Broadening out the idea of the Companion Chronicles, rather than featuring a lone narrator and single extra performed character, this first volume of the Second Doctor Adventures find a middle ground somewhere between narrated storytelling and full-cast audio play. It’s a mostly very successful mix, with the four authors generally invoking narration only when necessary or if they have some point to make – and there are plenty that are made. It is, and for a number of reasons, a set of stories that deviates by quite some distance from the era in which it is set, and listeners expecting simple stories of besieged bases and mono-functional aliens are in for quite a surprise.
The initial revelation is that these Second Doctor Adventures aren’t really about Patrick Troughton’s Doctor at all. He’s certainly there – beautifully impersonated by Hines such that there are genuinely moments when you forget that Troughton isn’t with us performing the role himself – but occasionally in the background, and quite deliberately sidelined almost altogether for large parts of the final story. Because what we have here is a set of tales plotting out the evolution of Hines’ Highlander, beginning with The Mouthless Dead (a pretty decent rail-side ghost story) in which Jamie’s comprehension of the universe around him is at its most guileless. The Story of Extinction is next (a surprisingly effective sibling to Wells’ The Time Machine), and deals with the broadening of Jamie’s learning, followed by The Integral (perhaps the weakest of the four instalments, albeit precisely because it’s the most true to its 1960s influences and least harmonious with the overall arc) and finally The Edge, in which Jamie completely comes into his own, not just as the focus of the story but the architect of its resolution too. This focus on Jamie is by turns the absolute success of the set as a whole, far more so than its evocation of five decades old television, but conversely also what draws attention to those aspects that feel the least congruous. Hines makes up for any shortfalls elsewhere though; confident, pertinent and engaging, his bullish delivery is subtle enough to suit modern audiences while nevertheless being entirely reminiscent of a long bygone period of the series.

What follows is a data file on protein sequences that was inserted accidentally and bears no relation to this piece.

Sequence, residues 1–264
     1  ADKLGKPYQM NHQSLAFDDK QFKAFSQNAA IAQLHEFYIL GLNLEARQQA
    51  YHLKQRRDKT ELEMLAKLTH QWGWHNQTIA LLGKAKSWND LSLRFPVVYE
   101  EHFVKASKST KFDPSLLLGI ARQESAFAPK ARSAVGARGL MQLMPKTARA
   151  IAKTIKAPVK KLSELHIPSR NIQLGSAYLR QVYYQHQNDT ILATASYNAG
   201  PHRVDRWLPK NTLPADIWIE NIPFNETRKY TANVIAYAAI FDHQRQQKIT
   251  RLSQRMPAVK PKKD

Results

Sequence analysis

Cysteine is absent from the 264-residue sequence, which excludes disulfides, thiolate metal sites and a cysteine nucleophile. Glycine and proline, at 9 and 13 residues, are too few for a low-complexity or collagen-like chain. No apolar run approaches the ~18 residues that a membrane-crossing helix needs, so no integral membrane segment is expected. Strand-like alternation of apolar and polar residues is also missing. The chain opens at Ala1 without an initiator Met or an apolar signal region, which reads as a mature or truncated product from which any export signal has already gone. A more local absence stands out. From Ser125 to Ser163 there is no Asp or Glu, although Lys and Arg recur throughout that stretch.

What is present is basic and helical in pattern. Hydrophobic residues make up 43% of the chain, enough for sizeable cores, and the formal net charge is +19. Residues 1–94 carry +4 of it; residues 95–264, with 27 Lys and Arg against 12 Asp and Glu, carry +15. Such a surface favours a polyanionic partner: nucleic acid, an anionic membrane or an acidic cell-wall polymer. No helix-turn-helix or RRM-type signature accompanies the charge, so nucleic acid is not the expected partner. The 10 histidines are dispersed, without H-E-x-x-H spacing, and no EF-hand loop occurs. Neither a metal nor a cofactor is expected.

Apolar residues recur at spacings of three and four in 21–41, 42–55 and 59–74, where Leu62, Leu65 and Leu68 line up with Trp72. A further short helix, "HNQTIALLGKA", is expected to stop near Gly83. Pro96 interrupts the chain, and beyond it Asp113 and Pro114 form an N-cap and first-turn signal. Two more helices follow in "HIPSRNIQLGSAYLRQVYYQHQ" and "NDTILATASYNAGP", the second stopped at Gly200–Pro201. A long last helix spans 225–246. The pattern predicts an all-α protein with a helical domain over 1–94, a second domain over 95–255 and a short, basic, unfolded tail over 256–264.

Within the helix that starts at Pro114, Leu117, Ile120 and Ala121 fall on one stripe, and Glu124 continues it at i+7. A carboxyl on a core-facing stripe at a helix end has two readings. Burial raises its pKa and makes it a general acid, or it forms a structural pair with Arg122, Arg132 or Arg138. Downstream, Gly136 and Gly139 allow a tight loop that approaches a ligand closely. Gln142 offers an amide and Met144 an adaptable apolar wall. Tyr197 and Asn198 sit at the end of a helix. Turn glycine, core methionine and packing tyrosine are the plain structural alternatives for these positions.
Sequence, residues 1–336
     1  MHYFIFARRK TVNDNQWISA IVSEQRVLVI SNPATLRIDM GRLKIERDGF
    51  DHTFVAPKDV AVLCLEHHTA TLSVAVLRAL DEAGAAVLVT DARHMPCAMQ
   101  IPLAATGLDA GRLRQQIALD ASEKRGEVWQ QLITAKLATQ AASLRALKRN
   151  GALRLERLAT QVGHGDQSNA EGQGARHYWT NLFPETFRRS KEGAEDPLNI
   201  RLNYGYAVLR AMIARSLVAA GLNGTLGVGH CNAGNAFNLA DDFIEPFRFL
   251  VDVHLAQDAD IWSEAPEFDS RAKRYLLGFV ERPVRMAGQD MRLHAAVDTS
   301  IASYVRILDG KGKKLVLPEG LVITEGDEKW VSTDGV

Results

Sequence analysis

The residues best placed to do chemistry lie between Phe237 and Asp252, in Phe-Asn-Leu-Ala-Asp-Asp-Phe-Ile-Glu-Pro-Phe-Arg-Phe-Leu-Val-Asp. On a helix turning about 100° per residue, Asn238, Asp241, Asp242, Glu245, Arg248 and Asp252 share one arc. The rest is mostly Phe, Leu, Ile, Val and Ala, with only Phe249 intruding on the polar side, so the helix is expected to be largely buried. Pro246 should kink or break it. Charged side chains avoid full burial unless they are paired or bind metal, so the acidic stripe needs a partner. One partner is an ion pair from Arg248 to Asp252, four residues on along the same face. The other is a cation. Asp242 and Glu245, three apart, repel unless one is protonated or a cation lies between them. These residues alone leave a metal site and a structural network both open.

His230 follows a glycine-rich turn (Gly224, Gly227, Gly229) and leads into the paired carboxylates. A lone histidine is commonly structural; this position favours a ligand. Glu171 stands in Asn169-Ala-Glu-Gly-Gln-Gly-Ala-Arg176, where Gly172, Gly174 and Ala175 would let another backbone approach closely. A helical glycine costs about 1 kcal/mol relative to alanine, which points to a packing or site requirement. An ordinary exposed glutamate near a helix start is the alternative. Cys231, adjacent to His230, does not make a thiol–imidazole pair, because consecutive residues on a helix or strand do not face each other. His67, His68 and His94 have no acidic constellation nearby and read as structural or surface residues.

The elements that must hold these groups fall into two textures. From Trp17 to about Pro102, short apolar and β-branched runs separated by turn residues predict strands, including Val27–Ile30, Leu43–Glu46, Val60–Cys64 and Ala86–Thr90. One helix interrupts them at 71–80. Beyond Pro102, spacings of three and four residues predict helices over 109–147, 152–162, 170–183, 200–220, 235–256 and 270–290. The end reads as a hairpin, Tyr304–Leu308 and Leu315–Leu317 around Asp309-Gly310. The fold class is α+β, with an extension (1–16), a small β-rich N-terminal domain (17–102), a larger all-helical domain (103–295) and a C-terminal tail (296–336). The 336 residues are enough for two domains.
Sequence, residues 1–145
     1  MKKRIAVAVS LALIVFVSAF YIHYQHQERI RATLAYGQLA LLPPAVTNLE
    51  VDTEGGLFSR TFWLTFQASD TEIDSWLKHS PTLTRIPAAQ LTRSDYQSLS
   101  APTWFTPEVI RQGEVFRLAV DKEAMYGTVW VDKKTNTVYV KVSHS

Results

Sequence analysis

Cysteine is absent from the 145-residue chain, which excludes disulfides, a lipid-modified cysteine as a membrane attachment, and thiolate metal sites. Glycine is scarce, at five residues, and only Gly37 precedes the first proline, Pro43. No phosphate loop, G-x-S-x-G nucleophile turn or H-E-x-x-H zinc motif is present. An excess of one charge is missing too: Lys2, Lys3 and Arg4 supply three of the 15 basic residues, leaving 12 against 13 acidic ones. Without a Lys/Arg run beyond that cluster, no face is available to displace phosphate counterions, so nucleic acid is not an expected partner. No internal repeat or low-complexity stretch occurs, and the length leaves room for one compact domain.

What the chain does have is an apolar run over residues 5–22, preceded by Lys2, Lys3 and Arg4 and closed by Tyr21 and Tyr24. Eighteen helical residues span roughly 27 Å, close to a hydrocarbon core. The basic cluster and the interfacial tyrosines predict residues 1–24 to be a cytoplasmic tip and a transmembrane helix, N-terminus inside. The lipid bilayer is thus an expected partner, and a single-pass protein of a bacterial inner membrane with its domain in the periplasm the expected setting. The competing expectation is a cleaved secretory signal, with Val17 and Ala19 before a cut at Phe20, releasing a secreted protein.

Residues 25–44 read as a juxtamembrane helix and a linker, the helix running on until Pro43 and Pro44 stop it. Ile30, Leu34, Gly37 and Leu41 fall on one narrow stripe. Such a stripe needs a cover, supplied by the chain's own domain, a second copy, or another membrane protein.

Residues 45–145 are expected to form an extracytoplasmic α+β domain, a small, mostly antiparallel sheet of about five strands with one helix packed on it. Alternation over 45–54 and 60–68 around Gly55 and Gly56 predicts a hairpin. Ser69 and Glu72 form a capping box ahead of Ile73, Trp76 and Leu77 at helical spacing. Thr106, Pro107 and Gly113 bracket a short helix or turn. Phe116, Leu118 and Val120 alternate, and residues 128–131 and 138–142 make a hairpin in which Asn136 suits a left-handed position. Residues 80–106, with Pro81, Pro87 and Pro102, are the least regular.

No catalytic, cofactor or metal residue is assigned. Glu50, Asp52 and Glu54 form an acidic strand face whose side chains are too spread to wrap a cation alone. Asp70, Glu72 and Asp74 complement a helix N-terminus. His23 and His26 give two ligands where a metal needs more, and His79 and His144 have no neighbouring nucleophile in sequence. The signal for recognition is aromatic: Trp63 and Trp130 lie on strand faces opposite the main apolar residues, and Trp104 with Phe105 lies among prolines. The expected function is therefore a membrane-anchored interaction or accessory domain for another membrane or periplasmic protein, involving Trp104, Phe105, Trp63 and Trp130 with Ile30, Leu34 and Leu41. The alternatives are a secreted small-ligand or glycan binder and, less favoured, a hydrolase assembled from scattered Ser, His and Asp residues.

The three girls aren’t entirely forgotten, though, each of them co-narrating one of the first three discs, with Deborah Watling’s Victoria given easily the strongest part. The last few minutes of The Story of Extinction are affecting in a way that only the very end of Troughton’s tenure on the series had been previously, entirely due to the way its author Atkins uses narrative techniques that 1960s Doctor Who seldom approached. This is true of the tenor of the set as a whole, its plots more reminiscent of old annual stories than their television equivalent, and by setting itself apart in this way, The Second Doctor Adventures are actually a much more fulfilling listen than they might otherwise have been.
THE SECOND DOCTOR ADVENTURES VOLUME ONE / AUTHOR: JOHN PRITCHARD, IAN ATKINS, DAVID BARTLETT, ROB NISBET / DIRECTOR: LISA BOWERMAN / STARRING: FRAZER HINES, ANNEKE WILLS, DEBORAH WATLING, WENDY PADBURY, ELLIOT CHAPMAN / PUBLISHER: BIG FINISH / RELEASE DATE: OUT NOW